OneNote Principal Product Manager Benjamin Hodes presented some upcoming features of the Windows 10 app at Microsoft’s technology conference Ignite 2018.
Usually, you only learn about new features of OneNote the moment they show up in the Insider versions (pre-release previews only available to participants of the MS Office insider program).
However, at this year’s Ignite in Orlando, Florida, OneNote product manager Ben Hodes demonstrated some features that will soon (“in the coming months”) arrive to OneNote, not only to the Windows 10 app but also for other clients (such as OneNote for Mac or iOS):
Let me summarize and comment on the most important new functions. Please excuse the poor quality of the screenshots. They are just still images from the video.
Search by tags and create custom tags
(Video: from 7:01)
Mac users who participate in the Office insider program already have it: The option to search for tags. In the Windows 10 app the feature looks very similar to OneNote for MacOS. Personally, I’m not that happy with it yet. In particular, there seems to be no term(s) + tags(s) combination as a search expression.
The tag search should come “in the next month or so”. The second tag-related feature may follow a bit later. I’m talking about the ability to create custom tags. Unfortunately, Hodes just gave a quick glance at a screen instead of demonstrating the feature. I’m especially curious about the two tabs labeled “Static” and “Interactive”. I assume, that the feature isn’t quite ready to show, so we can just wait and see.
Mail from Outlook to OneNote
(Video: from 7:40am)
How’s that? This has been around for a long time. True, MS Office users could always send single or multiple messages from Outlook to OneNote. However, this feature is based on a so-called COM-API. This is an interface that “speaks” directly to the installed OneNote 2016 (or earlier). As a result, only notebooks that are currently open can serve as a target for the mail. Now that Microsoft clearly states that the desktop version of OneNote (e.g. OneNote 2016) belongs to the past, this interface will also disappear rather soon. It will get replaced by a new one. I always assumed that Microsoft would use the current REST API that sends content directly to notebooks that are stored on OneDrive or OneDrive for Business. So, any notebook would be available as a destination, regardless of whether it’s loaded into the OneNote client or not. But his would also require an active Internet connection.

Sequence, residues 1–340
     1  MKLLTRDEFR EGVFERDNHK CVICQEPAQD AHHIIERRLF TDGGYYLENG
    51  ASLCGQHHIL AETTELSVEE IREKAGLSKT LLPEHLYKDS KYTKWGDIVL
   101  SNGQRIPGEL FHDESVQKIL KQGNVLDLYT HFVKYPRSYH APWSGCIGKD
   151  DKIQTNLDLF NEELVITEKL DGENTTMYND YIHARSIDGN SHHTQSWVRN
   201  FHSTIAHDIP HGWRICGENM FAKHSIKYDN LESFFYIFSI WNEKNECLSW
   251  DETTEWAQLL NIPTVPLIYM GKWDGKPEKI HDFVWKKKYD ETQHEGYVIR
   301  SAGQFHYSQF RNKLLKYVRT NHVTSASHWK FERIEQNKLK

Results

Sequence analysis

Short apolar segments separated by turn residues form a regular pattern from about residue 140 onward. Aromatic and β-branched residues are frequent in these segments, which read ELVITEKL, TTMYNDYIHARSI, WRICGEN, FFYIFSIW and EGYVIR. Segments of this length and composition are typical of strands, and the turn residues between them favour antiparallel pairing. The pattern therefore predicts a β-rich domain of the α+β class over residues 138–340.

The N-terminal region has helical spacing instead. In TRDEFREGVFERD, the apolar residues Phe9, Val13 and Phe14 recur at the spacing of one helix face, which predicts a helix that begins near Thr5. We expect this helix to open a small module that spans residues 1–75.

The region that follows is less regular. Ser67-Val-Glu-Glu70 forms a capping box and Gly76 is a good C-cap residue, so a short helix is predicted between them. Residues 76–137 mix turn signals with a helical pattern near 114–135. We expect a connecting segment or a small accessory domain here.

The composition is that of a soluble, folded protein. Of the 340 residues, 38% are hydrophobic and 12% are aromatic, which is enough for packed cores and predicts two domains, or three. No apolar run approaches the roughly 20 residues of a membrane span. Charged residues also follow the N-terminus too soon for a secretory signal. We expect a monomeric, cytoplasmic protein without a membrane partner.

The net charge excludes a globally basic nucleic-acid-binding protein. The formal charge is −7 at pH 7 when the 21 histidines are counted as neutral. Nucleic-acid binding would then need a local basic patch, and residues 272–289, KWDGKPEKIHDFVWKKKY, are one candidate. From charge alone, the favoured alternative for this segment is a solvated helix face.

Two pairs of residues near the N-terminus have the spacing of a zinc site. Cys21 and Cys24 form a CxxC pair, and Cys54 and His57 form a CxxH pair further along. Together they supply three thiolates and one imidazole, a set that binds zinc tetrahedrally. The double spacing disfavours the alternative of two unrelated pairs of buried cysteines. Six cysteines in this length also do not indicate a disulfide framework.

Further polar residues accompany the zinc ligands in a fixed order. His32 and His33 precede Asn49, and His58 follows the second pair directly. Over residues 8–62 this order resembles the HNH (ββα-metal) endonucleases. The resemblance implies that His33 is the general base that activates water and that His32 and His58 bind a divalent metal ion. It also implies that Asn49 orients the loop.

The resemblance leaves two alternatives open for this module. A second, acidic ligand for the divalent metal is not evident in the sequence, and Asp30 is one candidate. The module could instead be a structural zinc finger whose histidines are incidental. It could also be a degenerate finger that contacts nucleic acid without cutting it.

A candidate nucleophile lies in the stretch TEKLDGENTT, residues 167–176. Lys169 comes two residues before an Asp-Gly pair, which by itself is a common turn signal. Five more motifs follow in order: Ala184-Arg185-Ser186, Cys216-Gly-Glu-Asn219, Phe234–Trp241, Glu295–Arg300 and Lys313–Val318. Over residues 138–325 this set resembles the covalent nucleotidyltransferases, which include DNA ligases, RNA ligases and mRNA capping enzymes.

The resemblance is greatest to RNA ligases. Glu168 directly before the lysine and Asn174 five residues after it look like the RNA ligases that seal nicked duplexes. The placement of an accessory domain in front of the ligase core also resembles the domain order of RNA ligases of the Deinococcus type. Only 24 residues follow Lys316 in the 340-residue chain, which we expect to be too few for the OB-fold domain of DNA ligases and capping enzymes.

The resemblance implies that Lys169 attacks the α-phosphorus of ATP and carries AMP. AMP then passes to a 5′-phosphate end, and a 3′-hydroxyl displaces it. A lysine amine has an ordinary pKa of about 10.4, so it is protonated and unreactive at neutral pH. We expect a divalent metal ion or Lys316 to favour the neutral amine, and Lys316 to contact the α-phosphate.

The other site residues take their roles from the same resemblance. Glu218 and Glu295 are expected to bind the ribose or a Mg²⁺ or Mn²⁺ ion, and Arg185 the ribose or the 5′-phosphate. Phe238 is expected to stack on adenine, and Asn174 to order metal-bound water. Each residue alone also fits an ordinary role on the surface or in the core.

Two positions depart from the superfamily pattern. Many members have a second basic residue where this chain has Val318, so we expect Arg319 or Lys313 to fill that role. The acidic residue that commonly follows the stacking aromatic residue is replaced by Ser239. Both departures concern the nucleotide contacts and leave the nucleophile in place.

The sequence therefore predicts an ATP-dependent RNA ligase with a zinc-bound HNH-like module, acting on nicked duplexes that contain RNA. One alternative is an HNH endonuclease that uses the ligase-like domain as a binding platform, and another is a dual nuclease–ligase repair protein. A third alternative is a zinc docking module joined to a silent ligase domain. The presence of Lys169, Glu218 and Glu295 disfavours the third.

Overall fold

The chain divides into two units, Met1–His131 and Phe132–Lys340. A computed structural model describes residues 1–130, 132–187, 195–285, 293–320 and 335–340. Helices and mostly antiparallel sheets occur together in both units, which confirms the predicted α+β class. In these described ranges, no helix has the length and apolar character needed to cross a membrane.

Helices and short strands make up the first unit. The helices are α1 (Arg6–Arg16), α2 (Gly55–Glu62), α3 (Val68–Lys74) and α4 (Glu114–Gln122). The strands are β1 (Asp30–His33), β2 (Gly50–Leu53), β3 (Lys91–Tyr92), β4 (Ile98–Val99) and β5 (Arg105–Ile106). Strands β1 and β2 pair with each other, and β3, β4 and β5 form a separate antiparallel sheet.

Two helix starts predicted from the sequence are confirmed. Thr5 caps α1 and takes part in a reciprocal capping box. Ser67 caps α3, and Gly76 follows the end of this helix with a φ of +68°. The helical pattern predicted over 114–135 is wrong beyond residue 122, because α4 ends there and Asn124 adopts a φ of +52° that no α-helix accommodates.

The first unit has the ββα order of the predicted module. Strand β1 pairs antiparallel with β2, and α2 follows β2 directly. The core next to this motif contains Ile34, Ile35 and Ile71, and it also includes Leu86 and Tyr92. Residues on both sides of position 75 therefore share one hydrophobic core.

However, Hodes mentioned Outlook messages being sent “to the app”, not “to OneDrive”. So maybe there will be a direct communication between the Win32-based Outlook and the OneNote UWP-App. Again, wait and see.
It’s also not clear if it will be possible to append Outlook emails to an already existing page (like the current COM-API implementation) instead of just a choosing a destination section where a new page will always get created. While Hodes does mention that you can send “into a page”, the screen just shows sections as the lowest destination level.
Embedding (cloud stored) documents
(Video: from 8:28am)
What Hodes proudly demonstrated as the new “Cloud Integration” is the option to embed files like Word documents in a separate frame on the note page. This might look similar to the embedding of Excel spreadsheets and Visio diagrams that have been introduced with OneNote 2013. However, this new feature is very different and also not to be confused with file printouts.
The cloud integration feature seems to embed a live preview of a document (Word in the demonstration) inside a frame on the OneNote page, hopefully (not shown) including the ability to flip or scroll through pages. It seems to be based on an embedded version of Word Online. Whether and how PDF files will be supported as well, remains unclear. But if so, I’m quite sure that it would use Word Online as a viewer, which is not optimal. According to Hodes, only Office files are currently supported, but the developers are planning to add more file types.
It’s no surprise that this feature needs documents and files to be stored in the cloud (OneDrive or OneDrive for Business only). It won’t work with files stored on a local drive or network folder. The demo shows that local files are automatically uploaded to OneDrive first before they can be embedded in OneNote.